Thursday, March 5, 2009

Low Carbon Cities

Low Carbon Cities
by Alvin Mejia

Recently I had a chance to be part of an international workshop organized by Nagoya University, the Global Carbon Project and the National Institute for Environmental Studies on Low Carbon Cities – Understanding and Analyzing Urban Energy and Carbon. It gave way to fruitful discussions on energy use, energy modeling and urban development within the context of climate change.

The Workshop

One of the most thought provoking questions that were asked during the workshop is – “What is a low carbon city?” The term itself is a catchy phrase that connotes a very positive image, but how can we say that a city is a low carbon city? What are the parameters? Who should set them? What are acceptable reduction targets?
A comment during the workshop stuck into me – “…maybe we should be looking into sustainable cities rather than low carbon cities…” I guess there’s a whole lot to think about that comment. At the end of day, we should look back to where we have started. The whole world is working towards mitigating climate change and its adverse effects but sustainable development is the goal behind it all.
Sometimes “low carbon” and “sustainable” are equated since they both connote positive meanings, but the distinction between them would become very significant when it comes to decision points which involve complex development measures (an example would be the use of biofuels). There are always pros and cons in implementing different development measures, but the bigger picture should always be considered.

Bikes in Nagoya

It was my first visit to Nagoya and I found myself admiring the attitude of people towards biking and using public transportation. Everyone bikes. The only problem is that pedestrians may face the danger of being hit by a speeding bicycle from behind since the walkways and bikeways are not segregated. Nonetheless, it was a good experience seeing everyone – young and old – use (and can use) bikes as a main transport mode.

Sunday, March 1, 2009

My Xe Om experience

by May Ajero

I broke a promise twice last week.

I have always been firm that I will never be seen riding a motorbike ever. But one fine Thursday in Hanoi, I finally had the courage to try Xe Om to get back to my hotel fast.

Xe om, which literally means motorbike-hug, is very popular in Viet Nam. Motorbike taxis are also quite popular in Thailand and in the Philippines (rural areas).

Anyway, it was one of the most nerve-wrecking and thrilling road experience I've ever had. But trying it allowed me to understand why my friend Karen (a Filipina exchange professional under the Fredskorpset program) swears by it. Its both fast and cheap. It's the best way to avoid taxis with cheating meters. I hate to admit it but a motorbike ride is fun especially the part where the bike glides smoothly in traffic and you have small wafts of air brushing your face.

Here are some tips so you can better enjoy the xe om experience.

1. Negotiate beforehand the amount to pay and show the correct address (hotel card) to the xe om driver. Very often, they dont speak good English and you on the other hand might mispronounce the street names.

2. Be generous. While the average is 15,000VND to 20,000VND per trip, offer 30,000VND. I read that Xe Om drivers are actually out-of-job and could always use the extra dollar.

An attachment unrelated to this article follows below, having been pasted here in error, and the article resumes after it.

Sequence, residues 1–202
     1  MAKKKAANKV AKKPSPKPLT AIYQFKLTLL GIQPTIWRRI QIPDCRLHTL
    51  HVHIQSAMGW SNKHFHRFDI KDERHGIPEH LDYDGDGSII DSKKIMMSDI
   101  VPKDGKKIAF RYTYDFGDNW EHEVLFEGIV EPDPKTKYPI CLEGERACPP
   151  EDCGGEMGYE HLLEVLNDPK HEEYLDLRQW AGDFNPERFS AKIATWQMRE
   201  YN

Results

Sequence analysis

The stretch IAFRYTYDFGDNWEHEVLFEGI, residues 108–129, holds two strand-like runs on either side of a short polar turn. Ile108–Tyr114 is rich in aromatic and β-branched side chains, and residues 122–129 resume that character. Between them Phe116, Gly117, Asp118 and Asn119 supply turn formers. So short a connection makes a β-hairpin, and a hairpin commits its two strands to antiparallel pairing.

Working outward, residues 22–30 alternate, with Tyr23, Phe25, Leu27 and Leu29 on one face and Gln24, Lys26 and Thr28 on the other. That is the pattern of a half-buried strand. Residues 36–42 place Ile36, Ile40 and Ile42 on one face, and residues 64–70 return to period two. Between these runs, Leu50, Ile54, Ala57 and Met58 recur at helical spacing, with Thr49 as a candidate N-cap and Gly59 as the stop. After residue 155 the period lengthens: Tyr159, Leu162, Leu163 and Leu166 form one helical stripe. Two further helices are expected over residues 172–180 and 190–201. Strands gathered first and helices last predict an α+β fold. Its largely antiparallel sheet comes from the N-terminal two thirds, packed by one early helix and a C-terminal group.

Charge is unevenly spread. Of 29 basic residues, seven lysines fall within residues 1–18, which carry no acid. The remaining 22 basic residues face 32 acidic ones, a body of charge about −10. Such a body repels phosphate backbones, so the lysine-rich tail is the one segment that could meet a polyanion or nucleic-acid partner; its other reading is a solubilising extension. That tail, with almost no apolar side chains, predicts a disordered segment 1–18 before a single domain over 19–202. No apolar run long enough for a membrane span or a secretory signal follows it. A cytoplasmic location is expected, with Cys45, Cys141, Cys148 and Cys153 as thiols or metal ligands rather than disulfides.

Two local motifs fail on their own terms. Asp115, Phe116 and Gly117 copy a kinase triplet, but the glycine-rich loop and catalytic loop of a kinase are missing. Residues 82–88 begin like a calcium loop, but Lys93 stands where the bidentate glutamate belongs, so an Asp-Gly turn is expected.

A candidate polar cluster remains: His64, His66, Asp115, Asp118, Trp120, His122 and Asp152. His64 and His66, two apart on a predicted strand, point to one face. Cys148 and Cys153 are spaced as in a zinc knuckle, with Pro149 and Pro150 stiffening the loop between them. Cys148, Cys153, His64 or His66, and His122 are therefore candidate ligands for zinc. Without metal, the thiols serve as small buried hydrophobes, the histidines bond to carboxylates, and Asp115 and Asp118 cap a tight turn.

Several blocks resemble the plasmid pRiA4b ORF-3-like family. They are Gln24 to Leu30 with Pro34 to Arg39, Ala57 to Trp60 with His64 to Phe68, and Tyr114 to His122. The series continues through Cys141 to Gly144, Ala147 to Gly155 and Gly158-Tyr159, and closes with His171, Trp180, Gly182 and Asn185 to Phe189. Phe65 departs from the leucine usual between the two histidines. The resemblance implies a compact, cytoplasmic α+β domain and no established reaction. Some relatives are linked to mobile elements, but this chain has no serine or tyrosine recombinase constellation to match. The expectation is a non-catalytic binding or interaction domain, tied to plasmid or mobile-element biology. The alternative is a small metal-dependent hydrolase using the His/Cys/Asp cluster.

3. Avoid having too much to carry with your hands. You'll find it difficult to "hug" the driver if you do.

4. Pray hard the entire trip but pray harder as you approach an intersection. This is the most prone areas for collisions of motorbikes. In both trips, our bike almost collided with other bikes. (The intersection is also where I would stop breathing for a few seconds)

While I was lucky that my two Xe Om trips were generally good, I now have a new promise.. there shall be no third time.

Private sector plays an important role in reducing vehicle pollution

"Everybody breathes the same air. Air pollution affects us all and everyone including the private sector, has a responsibility to reduce their contribution to air pollution." This was Clean Air Initiative for Asian Cities (CAI-Asia) Center's message to the more than 30 participants in the Clean Transport Session organized by the Manila Water Corporation and the Asia Pacific Roundtable for Cleaner Production on 19 February 2009. Participants, who were fleet managers from Manila Water and their suppliers, were briefed about the basics of air pollution, transport and climate change by May Ajero, Air Quality Program Manager of CAI-Asia Center, introduced to the TNT/UNEP Clean Fleet Management Toolkit and practical measures to reduce air pollution from vehicles by Atty. Glynda Bathan, CAI-Asia Center's Policy and Partnership Manager.

In 2008, the oil industry raised concerns that cheap smuggled oil, which could be of poor quality, was being sold in the Philippines. Imported second hand engines being used in jeepneys and buses have been found to cause vehicles to smokebelch. For this reason, among the practical measures highlighted at the training was for private sector not to purchase smuggled oil and to take steps to ensure that second hand engines or vehicles they purchase are not smoke belching. One company informed CAI-Asia Center staff that while purchasing second hand vehicles may be cheap in the short run, maintaining them costs a lot in the long-run.

Some of the other questions from participants revolved around these practical ways to reduce vehicle emissions: ecodriving, vehicle maintenance, and use of biofuels. One company requested for a follow-up meeting to discuss how it could use the Toolkit to reduce emissions from the vehicle fleet in their realty operations.